If the pressures of school are too heavy, if you complain about your housing and the food you eat, I can suggest a cure for your problems. Lay your books aside for a few hours, leave your room, and go visit someone who is old and lonely. There are many such right here in this valley. Or visit those who are sick and discouraged; there are hundreds of that kind here, including not a few on this campus, who need the kind of encouragement you could give. If you are complaining about life, it is because you are thinking only of yourself. There was for many years a sign on the wall of a shoe repair shop I patronized. It read, “I complained because I had no shoes until I saw a man who had no feet.” The most effective medicine for the sickness of self-pity is to lose oneself in the service of others.
There are some girls on this campus who are worrying themselves almost sick over the question of whether they will have opportunity for marriage. Of course marriage is desirable; of course it is hoped for and worked for and sought after. But worrying about it will never bring it. In fact, it may have the opposite effect, for there is nothing that dulls a personality so much as a negative outlook. Possibly some of you will not be married; but don’t forget that there are other things in life, other pursuits to be followed. I would like to suggest that you read the story of Dr. Anne G. Osborne in the March issue of the Ensign magazine. Here is a highly trained instructor at the University of Utah medical school, an eminent specialist in her field, and a member of the Sunday School General Board. I like the title of her short article. She calls it, “The Ecstasy of the Agony: How to be Single and Sane at the Same Time.” Speaking candidly of her age as thirty-three, she mentions marriage as a promised blessing, but she soon makes it clear that there is a stimulating and productive life for those single young women who will get interested in serving the needs of others. Says she,
As single Church members we can either engage in morose personal recrimination and self-flagellation, bemoaning our single status and living on the edge of desperation, or we can use this interim period in our lives as a time of active, creative waiting. . . . [She continues,] When discouragement weighs heavily, look around. . . . I have found that a sure cure for depression is to realize someone out there needs me. In blessing someone else, my needs and problems are quickly consumed in the warm glow of knowing that I have brightened another’s life and that what I have done is pleasing to the Lord.
[She concludes with these words:] Let us then rejoice in this precious treasure, time, and thank the Lord for a special gift. We truly have time to become interesting because we are interested.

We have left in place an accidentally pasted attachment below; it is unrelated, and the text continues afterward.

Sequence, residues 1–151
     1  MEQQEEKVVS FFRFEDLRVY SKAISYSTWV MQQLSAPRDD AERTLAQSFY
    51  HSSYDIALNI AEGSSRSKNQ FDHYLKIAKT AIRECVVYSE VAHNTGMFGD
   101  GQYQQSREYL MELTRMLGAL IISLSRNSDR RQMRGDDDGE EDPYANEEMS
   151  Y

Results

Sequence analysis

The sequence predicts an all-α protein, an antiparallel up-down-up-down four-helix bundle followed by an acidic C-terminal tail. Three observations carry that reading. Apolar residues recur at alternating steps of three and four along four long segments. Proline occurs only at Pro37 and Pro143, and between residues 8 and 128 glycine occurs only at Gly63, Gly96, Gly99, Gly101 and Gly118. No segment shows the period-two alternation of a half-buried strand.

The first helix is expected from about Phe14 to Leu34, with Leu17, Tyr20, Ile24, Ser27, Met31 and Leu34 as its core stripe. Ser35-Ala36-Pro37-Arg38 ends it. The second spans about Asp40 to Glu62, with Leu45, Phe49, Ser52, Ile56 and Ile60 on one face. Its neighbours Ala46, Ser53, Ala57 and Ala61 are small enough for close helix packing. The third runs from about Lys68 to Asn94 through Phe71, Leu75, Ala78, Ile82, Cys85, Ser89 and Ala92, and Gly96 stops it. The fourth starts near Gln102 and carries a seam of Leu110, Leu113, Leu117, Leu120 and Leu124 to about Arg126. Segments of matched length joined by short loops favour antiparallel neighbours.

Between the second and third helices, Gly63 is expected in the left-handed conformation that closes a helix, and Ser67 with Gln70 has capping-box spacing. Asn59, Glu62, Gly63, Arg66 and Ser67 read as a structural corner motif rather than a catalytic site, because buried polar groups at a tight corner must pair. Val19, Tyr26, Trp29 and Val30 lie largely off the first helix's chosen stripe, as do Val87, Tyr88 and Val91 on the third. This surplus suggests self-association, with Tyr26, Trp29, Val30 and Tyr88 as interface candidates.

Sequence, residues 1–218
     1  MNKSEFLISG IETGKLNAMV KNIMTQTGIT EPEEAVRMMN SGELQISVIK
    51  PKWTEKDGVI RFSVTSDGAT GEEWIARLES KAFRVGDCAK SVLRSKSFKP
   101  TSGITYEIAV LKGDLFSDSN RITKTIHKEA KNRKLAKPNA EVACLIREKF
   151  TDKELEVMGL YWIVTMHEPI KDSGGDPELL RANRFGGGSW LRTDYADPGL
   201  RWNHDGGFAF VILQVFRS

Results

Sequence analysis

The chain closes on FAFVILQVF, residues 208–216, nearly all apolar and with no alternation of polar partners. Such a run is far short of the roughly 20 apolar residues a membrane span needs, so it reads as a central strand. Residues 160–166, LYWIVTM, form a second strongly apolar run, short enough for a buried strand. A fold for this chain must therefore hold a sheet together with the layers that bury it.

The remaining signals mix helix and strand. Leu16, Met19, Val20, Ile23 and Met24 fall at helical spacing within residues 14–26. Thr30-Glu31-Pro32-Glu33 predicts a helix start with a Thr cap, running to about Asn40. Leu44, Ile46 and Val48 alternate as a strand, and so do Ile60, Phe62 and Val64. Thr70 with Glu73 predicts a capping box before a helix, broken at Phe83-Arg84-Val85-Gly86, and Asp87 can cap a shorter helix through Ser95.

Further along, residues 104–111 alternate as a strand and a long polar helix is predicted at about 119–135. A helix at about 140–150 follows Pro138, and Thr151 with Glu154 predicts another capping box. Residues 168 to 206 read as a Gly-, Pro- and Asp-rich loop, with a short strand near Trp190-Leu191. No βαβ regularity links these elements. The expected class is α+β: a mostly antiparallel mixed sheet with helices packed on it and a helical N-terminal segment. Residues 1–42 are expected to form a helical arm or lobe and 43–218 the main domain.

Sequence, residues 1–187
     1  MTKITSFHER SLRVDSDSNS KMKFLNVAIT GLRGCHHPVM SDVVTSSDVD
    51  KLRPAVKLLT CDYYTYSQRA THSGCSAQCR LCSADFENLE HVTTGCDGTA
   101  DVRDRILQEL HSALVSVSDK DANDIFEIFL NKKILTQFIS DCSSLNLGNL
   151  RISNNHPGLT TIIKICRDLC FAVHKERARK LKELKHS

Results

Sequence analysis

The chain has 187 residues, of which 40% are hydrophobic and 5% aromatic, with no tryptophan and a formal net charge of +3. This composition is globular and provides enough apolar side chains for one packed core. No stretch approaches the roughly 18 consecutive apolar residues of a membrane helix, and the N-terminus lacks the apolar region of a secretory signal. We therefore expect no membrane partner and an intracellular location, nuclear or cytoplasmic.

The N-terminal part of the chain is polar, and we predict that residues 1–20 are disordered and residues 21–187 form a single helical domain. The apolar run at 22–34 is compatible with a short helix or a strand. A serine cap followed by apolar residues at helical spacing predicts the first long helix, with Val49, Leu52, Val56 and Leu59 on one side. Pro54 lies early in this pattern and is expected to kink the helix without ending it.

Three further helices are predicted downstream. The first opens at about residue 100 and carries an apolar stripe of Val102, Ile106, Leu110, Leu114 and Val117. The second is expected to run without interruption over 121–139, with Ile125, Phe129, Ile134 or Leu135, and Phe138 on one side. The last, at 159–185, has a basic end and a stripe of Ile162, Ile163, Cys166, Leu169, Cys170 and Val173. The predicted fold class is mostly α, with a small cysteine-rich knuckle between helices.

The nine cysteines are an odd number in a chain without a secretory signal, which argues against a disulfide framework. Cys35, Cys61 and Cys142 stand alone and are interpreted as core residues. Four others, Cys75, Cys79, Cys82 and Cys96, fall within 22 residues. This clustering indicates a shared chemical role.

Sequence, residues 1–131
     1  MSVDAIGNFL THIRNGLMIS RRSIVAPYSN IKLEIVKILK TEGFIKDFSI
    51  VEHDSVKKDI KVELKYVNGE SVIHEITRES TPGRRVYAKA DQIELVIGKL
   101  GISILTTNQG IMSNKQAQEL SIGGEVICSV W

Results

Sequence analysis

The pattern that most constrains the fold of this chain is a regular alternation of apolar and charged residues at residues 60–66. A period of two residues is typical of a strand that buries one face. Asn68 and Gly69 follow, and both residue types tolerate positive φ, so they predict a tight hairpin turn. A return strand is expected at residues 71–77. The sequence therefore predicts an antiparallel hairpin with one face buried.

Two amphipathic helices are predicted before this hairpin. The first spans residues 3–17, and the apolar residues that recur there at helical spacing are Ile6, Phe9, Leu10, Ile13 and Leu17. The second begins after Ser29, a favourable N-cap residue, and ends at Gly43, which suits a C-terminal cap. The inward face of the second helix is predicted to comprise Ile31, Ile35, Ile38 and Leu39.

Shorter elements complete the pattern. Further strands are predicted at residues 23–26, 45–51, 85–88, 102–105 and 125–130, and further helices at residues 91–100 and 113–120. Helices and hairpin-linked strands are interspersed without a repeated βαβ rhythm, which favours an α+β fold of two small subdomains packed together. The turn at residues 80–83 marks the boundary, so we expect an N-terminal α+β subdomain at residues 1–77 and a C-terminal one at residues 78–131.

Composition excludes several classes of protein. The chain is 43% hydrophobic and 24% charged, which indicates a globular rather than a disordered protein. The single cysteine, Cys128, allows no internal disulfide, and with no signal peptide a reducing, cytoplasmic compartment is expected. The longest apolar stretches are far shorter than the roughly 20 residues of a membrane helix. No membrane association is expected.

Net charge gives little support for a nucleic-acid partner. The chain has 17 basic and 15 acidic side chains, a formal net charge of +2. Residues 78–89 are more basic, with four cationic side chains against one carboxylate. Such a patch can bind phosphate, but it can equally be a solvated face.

I want to commend those of you who are eligible to go to the temple and who go. In this work in the House of the Lord is found the very essence of selfless service. In my judgment, one of the miracles of our day is the great consecration of time and effort on the part of hundreds of thousands of busy people, including many of you busy students, in behalf of the dead. Those of you who engage in this service know that out of it all comes a sweet and satisfying feeling. It becomes literally a medicine to cure many of the ailments of our lives. From such experience we come to realize that only when we serve others do we truly serve the Lord.
Declared the Lord in this dispensation, “Verily I say, men should be anxiously engaged in a good cause, and do many things of their own free will, and bring to pass much righteousness.” And then he adds these significant words: “For the power is in them. . .” (D&C 58:27–28). The power is in us, my dear brethren and sisters—the power to do significant things on our own initiative, if we will become anxiously engaged.
I think of some of the people who have had to do with the work in some of the areas where I have had responsibility. One able thinker, and I do not remember whether it was Emerson or Carlyle—I took them both the same semester—said that every great institution is but the lengthened shadow of a great man. I have thought, as I have met some Koreans here, of the status of our work in Korea, where today we have two strong missions and a strong stake of Zion. All of this is the lengthened shadow of Dr. Kim and the two young men who taught him the gospel while he was a student at Cornell University—Oliver Wayman and Don C. Wood. They stirred within their associate student an interest in reading the Book of Mormon. Their interest in him, their activities with him were entirely separate from the reasons for their working on an advanced degree that could have consumed every minute of his waking time, but they took time to teach and to learn; and when the Korean Ph.D. returned to his native land, he took with him his love for the Book of Mormon and for the Church whose services he had attended in Ithaca, New York. American servicemen involved in the Korean War had also shared the gospel with some of their associates. And the presence of Dr. Kim, man of learning and man of responsibility in the nation of Korea, became a catalyst that led to the establishment of the work, including the sending of missionaries from Japan. Dr. Kim is dead, but the work lives on in splendor, touching for eternal good an ever-increasing number of lives in the “Land of the Morning Calm.”